“The sea has never been friendly to man. At most it has been the accomplice of human restlessness.” Joseph Conrad
When I was 17 I got lost on Mount Moffett on the island of Adak in the Aleutian chain. Adak is where I went to high school and my friends and I had great adventures snowboarding there at a time when the sport was brand new. No one knew how anything worked, we were just figuring it out from pictures we saw in magazines. When I was 17 I got lost alone late in the day during a white out. I slipped off a ridge and during the slide dropped my board, which I never saw again. A half hour later, lost and blind in the storm, I had became a committed, practicing, believing animist as I begged the clouds and the mountain to let me out before the sun went down - and they did. The only time in my life since when I’ve felt similar and even greater fear of the environment is while surfing. Cold mountains can be incredibly frightening but big surf is, for me, even heavier: cold mountains that move.
I shot this swell twice. First on a holiday and again on a weekday and the level of surfing was much higher on the weekday presumably because the regulars were in the water. To them - hats off. There are a lot of good surfers on this break and I was especially impressed by the stand up paddle board riders. If you look closely you’ll see the same rider two or three different waves owning this spot. Here he is right behind himself:
There are no CG elements in the video. It’s all documentary footage arranged and collapsed together with After Effects. Compositing water is difficult. The basic strategy I worked out is to have the clips roll behind one another with the leading edge of the hind wave fitted frame by frame to the contour of the wave in front of it. The compositing was done using masks in After effects, which are key frame animated. Here’s a peak at the process:
And a sample of the raw footage:
I call this idea of removing the time between events without altering the speed of the subject(s) a Time Collapse video. Many people were calling the earlier videos in the series time lapse, which is similar but not totally accurate. Hopefully time collapse will make sense to others.
Making these videos has given me a hint at what animators do and the extraordinary discipline it takes. During the process of assembling this one a new thought began to occur to me about perception and how quickly it breaks down. I got some great insights from a fellow video artist/filmmaker working in Berlin named Gabriel Shalom (@gabrielshalom) that got me thinking about contemporary art’s connections to cubism and the deconstruction of imagery but the place my mind really went to was Dali and surrealism. This was a surprise to me because I was never very attracted to that movement. Somehow I associated it with psychedelia and Dali’s anteater walking made me tick him off the list of possible role models. Now older and wiser, I spent some time reading about the movement and looking more seriously at what Dali and his contemporaries did and found it deeply resonant. The piece that really blew me away is Dali’s Crusifixtion (Corpus Hypercubus)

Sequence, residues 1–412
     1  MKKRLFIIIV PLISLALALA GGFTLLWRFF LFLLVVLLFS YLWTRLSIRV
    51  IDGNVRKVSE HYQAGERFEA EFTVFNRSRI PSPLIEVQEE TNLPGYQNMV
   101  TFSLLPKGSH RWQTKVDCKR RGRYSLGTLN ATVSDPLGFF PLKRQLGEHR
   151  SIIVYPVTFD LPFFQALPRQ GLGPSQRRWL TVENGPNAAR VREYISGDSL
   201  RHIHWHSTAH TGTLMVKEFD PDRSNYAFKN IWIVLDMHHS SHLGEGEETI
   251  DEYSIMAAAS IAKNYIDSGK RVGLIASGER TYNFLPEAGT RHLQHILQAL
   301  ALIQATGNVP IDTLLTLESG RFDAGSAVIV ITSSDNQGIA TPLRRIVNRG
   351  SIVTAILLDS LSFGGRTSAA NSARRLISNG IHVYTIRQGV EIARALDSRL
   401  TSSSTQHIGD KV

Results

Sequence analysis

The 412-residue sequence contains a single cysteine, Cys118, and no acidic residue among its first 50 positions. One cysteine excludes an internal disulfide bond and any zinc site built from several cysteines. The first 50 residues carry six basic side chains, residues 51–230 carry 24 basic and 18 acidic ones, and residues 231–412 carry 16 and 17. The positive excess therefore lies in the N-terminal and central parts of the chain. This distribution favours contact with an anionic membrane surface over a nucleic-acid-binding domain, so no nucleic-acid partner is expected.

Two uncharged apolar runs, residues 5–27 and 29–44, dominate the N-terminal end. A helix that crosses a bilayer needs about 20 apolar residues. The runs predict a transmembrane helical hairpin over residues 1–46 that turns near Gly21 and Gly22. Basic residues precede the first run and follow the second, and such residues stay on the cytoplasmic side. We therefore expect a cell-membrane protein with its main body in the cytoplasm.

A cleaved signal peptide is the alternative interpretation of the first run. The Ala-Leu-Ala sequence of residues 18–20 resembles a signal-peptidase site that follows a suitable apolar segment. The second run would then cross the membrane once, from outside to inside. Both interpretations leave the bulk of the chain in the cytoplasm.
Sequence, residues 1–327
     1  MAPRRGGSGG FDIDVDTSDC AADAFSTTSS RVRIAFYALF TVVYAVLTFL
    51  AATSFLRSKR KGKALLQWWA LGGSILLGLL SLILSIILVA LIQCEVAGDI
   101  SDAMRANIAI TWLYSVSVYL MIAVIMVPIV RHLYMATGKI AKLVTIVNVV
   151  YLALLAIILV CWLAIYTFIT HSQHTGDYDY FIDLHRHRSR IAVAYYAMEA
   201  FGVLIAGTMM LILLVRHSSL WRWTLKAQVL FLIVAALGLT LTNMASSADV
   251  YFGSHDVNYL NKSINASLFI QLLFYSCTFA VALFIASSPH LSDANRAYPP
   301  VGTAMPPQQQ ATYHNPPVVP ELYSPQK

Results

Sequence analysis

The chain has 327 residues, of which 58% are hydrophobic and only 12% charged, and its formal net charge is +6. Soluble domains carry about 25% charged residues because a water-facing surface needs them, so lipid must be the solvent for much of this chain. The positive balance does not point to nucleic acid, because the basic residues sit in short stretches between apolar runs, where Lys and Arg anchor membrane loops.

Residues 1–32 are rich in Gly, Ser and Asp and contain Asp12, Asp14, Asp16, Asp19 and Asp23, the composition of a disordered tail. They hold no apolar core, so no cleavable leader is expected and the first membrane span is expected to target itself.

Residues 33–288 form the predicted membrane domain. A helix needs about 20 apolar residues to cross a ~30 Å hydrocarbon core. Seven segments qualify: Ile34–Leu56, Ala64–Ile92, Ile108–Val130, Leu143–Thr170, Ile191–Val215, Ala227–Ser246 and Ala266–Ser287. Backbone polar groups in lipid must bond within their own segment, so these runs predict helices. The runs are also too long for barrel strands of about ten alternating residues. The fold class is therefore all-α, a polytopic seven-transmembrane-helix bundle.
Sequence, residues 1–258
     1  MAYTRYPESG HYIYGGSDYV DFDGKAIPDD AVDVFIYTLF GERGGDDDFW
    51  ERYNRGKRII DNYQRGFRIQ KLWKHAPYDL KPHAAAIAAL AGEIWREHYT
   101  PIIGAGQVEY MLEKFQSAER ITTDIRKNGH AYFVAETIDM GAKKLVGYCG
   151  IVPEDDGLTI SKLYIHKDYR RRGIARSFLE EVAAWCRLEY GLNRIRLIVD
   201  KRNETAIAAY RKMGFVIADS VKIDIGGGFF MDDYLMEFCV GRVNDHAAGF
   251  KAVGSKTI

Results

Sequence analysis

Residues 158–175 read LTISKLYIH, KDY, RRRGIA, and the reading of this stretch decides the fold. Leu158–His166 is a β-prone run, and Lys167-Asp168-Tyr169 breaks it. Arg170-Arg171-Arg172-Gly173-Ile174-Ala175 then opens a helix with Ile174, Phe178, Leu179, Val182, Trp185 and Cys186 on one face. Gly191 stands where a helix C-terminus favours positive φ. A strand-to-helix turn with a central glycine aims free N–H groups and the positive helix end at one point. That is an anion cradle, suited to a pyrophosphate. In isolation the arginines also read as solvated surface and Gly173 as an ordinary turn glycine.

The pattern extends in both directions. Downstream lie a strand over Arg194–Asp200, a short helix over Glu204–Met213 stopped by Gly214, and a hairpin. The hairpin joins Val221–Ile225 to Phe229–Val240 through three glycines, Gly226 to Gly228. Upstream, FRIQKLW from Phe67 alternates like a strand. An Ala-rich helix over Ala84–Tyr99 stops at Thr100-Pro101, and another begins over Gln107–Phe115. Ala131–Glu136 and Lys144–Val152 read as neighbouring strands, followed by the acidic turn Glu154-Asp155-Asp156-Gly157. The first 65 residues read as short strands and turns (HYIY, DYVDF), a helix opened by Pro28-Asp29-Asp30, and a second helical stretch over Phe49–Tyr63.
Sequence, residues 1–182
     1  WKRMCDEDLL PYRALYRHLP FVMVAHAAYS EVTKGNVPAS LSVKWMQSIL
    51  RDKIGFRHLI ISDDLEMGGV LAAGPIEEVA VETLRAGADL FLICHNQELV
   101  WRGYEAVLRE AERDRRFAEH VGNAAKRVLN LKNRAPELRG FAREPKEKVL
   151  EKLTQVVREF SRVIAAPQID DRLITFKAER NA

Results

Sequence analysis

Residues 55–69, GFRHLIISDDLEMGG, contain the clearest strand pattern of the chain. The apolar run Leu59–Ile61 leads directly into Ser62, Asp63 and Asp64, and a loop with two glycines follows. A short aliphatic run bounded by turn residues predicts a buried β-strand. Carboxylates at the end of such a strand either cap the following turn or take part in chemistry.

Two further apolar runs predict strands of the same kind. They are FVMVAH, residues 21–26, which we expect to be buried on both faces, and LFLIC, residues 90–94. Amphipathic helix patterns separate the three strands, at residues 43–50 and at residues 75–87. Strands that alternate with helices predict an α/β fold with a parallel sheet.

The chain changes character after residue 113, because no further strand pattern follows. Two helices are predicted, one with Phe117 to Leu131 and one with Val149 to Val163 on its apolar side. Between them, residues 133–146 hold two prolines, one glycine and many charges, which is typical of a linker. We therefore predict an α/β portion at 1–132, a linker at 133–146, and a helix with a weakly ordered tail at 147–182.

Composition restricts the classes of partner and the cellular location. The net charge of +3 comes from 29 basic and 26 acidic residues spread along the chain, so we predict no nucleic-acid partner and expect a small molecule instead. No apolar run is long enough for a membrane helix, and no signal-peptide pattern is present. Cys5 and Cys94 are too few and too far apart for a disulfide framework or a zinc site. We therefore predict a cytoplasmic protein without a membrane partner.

With it he transforms a motif that’s been repeated endlessly by pressing a new dimension into the composition and the result is an incredible combination of old nd new. By this time in his life he’d become interested in math and science and I feel like he would be fascinated by the code art that’s emergent now. More personally, I feel like I’ve begun to understand what the surrealists were aiming at for the first time, which is the fragility of human perception and the proximity of dreams and…not-dreams.
This project is supported by MOPA San Diego and The San Diego Foundation Creative Catalyst Fund: Individual Artist Fellowship Program. If you don’t know MOPA be sure to check them out on Facebook + Twitter and more importantly stop by the space in Balboa Park. Something I didn’t know until I started my residence with MOPA is that they have an incredible library of photo related books and journals that you can easily access by appointment, here’s the link.
Big thanks for the valuable feedback from Danie Darisay, Bear Guerra, Pablo West and Freerk Boedeltje.
Shot on a Canon C100 + Atomos Ninja in CLog, with a Canon EF 100-400 f/4.5 L lens at 24p. The post work was done in After Effects. I don’t usually hype gear since that conversation is so dominant already but I have to say the C100+Ninja is remarkable.
Update Sat May 24th:
The Youtube version is up:
The rest of the series: